Healthcare needs are getting more complex, and systems more stretched. To meet the demand for precision healthcare, hospitals need to evolve to become smarter and more efficient. The World Health Organization (WHO) estimates healthcare will face a shortfall of 10 million healthcare workers worldwide by 2030. Is it sustainable to increase the workload of already stretched practitioners? Smart hospitals could make healthcare work more efficient and improve the quality of patient care.
Smart hospitals and the rise of e-health
Smart hospitals are part of the e-health phenomenon. A smart hospital improves patient care using optimized and automated processes, particularly the Internet of Things (IoT), to connect medical devices to AI and data analysis. Smart tech helps healthcare practitioners focus on providing high-quality care while reducing the barriers associated with using complex medical technology.
Smart tech means smarter workflows
One figurehead of the smart hospital movement is Humber River Valley Hospital, Canada. It’s North America’s first fully-digital hospital (think: online appointment scheduling, digital check-ins and your test results emailed.) It boasts robots and other tech to automate almost 80 percent of its back-office services like pharmacy, laundry and food delivery. This gives clinical staff more time to give back to patients.
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Cleveland Clinic Abu Dhabi (CCAD,) UAE, uses digital apps to support treatments. Pre-treatment, patients use apps to communicate with staff. During their stay, they use smart pads to access their info, daily plans and order food. At discharge, the app sends prescriptions to local pharmacies then sends them their bill. Neat.
Can robots become care workers?
Smart tech could help meet labor shortages: this means more android helpers. During the first COVID-19 outbreak, Wuhan Hospital, China, was staffed entirely by robots for several days. Produced by start-up CloudMinds Technology, they improved patient care and gave respite to over-stretched workers.
Smart hospitals can automate and digitize traditional, labor-intensive processes. When healthcare is delivered quicker and more accurately, more people can be treated safer and quicker. Consider Johnson Control’s Code Blue Activation system; When a patient reaches critical condition, it calls up an emergency care team in just 24 seconds.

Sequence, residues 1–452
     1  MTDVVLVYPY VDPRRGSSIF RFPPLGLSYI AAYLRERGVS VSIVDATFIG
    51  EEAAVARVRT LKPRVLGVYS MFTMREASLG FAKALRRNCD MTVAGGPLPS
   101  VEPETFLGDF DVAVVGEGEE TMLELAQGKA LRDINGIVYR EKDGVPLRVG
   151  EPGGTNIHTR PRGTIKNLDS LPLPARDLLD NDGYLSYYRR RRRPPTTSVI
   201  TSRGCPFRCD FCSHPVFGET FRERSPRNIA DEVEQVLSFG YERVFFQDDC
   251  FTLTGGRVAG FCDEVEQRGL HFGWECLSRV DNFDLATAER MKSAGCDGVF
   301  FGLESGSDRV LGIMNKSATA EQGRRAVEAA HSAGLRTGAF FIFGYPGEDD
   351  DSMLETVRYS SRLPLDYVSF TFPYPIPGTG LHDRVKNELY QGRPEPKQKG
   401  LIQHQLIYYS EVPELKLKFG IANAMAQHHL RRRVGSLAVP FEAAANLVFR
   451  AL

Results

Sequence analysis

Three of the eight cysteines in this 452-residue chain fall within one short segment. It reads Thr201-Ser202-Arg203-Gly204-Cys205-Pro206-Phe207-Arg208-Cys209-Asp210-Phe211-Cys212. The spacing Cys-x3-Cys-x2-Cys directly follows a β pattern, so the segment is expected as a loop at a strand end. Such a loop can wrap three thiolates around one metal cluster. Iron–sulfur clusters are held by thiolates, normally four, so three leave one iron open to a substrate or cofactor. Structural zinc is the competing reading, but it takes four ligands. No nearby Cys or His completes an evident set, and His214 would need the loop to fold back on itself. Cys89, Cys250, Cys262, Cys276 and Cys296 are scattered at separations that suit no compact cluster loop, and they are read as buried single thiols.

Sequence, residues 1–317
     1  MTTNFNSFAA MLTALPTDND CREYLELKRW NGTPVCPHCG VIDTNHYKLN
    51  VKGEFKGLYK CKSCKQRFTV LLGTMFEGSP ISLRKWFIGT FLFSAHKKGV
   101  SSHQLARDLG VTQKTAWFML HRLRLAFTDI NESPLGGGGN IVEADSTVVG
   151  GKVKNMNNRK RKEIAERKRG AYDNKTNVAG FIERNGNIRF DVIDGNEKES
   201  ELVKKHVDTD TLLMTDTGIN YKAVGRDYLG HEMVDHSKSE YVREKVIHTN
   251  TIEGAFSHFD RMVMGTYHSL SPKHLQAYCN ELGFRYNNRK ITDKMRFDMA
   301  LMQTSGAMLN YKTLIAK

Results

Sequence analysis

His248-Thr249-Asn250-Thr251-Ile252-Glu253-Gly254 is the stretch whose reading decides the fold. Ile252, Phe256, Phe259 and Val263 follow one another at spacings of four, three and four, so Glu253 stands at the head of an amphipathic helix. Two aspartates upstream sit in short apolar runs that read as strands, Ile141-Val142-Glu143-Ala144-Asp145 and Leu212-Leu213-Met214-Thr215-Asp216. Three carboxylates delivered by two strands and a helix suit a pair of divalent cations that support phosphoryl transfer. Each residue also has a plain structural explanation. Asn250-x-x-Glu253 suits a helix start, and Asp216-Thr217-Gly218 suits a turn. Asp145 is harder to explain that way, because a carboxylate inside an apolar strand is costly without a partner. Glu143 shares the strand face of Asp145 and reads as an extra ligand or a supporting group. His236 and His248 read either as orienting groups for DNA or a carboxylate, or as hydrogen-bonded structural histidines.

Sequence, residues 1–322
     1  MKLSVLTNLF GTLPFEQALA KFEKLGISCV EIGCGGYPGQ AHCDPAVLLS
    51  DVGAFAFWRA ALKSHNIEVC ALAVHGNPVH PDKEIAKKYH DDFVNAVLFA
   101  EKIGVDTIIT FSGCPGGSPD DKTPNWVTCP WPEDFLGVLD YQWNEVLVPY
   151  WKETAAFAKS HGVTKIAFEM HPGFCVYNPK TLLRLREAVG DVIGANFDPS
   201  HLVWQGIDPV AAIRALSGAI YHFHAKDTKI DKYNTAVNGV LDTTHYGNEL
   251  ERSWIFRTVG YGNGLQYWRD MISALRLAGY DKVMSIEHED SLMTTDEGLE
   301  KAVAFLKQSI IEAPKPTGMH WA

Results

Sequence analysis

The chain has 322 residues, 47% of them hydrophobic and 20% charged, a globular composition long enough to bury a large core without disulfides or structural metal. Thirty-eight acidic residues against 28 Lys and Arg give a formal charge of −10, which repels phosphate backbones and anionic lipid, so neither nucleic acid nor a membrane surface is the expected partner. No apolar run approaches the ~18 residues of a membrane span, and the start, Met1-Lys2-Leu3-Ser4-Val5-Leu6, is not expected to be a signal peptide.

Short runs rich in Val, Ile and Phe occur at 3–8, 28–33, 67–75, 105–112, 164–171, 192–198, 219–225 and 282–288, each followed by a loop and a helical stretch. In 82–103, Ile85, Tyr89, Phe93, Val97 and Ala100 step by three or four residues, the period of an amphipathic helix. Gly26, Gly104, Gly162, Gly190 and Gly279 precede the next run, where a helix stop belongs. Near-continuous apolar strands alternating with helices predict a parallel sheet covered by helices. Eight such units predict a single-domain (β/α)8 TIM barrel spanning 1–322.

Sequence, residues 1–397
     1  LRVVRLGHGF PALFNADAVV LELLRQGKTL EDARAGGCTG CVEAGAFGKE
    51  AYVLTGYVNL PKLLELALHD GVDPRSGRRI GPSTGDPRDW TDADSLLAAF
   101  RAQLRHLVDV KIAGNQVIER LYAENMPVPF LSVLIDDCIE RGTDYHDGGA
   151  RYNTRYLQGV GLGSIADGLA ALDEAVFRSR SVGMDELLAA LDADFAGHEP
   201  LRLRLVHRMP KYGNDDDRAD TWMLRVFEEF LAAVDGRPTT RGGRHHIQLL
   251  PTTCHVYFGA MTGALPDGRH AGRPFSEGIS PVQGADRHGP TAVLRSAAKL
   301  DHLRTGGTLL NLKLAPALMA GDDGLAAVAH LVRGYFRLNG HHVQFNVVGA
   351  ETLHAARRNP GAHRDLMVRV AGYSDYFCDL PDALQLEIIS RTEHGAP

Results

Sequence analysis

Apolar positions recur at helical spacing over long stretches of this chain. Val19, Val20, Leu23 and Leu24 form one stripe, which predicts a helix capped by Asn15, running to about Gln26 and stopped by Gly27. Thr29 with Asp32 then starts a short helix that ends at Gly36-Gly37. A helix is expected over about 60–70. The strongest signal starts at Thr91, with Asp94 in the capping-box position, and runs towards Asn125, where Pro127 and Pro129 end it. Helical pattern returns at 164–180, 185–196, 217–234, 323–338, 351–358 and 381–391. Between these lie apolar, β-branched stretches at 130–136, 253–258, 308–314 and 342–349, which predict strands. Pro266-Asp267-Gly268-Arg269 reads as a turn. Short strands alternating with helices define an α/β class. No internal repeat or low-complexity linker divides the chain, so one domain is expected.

Could 3D printing replace donors?
There’s a relatively new tech in smart hospitals: 3D printing. Imagine the opportunities if surgical teams could print body parts, like prosthetic limbs or dental implants, on-demand. While the tech is in its infancy, there are promising advancements, though it’s without the speed and capabilities needed for large-scale adoption.
Engineers and medical researchers from the University of Minnesota recently created silicon-made scaffolding’ that could benefit those with spinal cord injuries by restoring muscle control. Cells are printed onto the structure then implanted into the patient’s spinal cord, with a bridge between cells.
Can smart hospitals save lives?
Given increased healthcare demands, hospitals may not have any choice but to change. Smart hospitals could improve the care we deliver and benefit our societies. But it will be a group effort.
Professor Daniel Kelly, Cardiff University’s School of Healthcare Sciences, thinks smart hospitals will be crucial for healthcare. But we have to understand how it will affect everyone, including those funding it. “As treatment for many diseases becomes more personalized, there’s an urgent need for health systems to evolve. Smart hospitals are symbolic of a future standard of healthcare where we can remove the reliance on paper records and current digital systems’ inefficiencies.
Translating the smart hospital concept into reality relies on significant investment and a radical redesign of processes involving clinicians and patients.
Professor Daniel Kelly, Cardiff University's School of Healthcare Sciences
Securing the smart hospital
From sensitive patient information to medical records, it’s easy to see why cybersecurity is a hot topic in healthcare. Hospital data and equipment are goldmines for hackers and criminal groups. Those goldmines become all the more accessible when introducing a connected system like a smart hospital.
Firstly, traditional medical devices are outdated – they aren’t secure by design. This means many wouldn’t have been tested for vulnerabilities or built to connect with smart appliances or the internet. (A tough task to foresee the fourth industrial revolution, to be fair.) This gap can allow attackers to gain illegal access to systems and data.
A survey by ENISA found the most critical threat to smart hospitals is malicious attacks – like malware blitzes and denial of service (DDoS) raids that take control of systems and devices, steal patient data (most likely to be sold on the dark web) and hold patient data hostage with ransomware. Since the COVID-19 pandemic, attacks on hospitals and health organizations have increased drastically, including this fatality triggered by ransomware in Germany.
Human errors still pose one of the biggest threats to patients. Take drug pumps; smart hospitals, or more specifically their workers, deliver controlled doses of medications to patients. These systems prevent over or under-administration, but they have an over-ride button for emergencies. But what if the device isn’t configured correctly? Someone could tamper with drug delivery, inadvertently or intentionally, which might have deadly consequences.
These technological advancements are not just projects for the IT department: The smart hospital involves participation between technologists and healthcare practitioners. Ongoing collaboration is needed to protect it from cyberthreats to ensure smart systems can save more lives.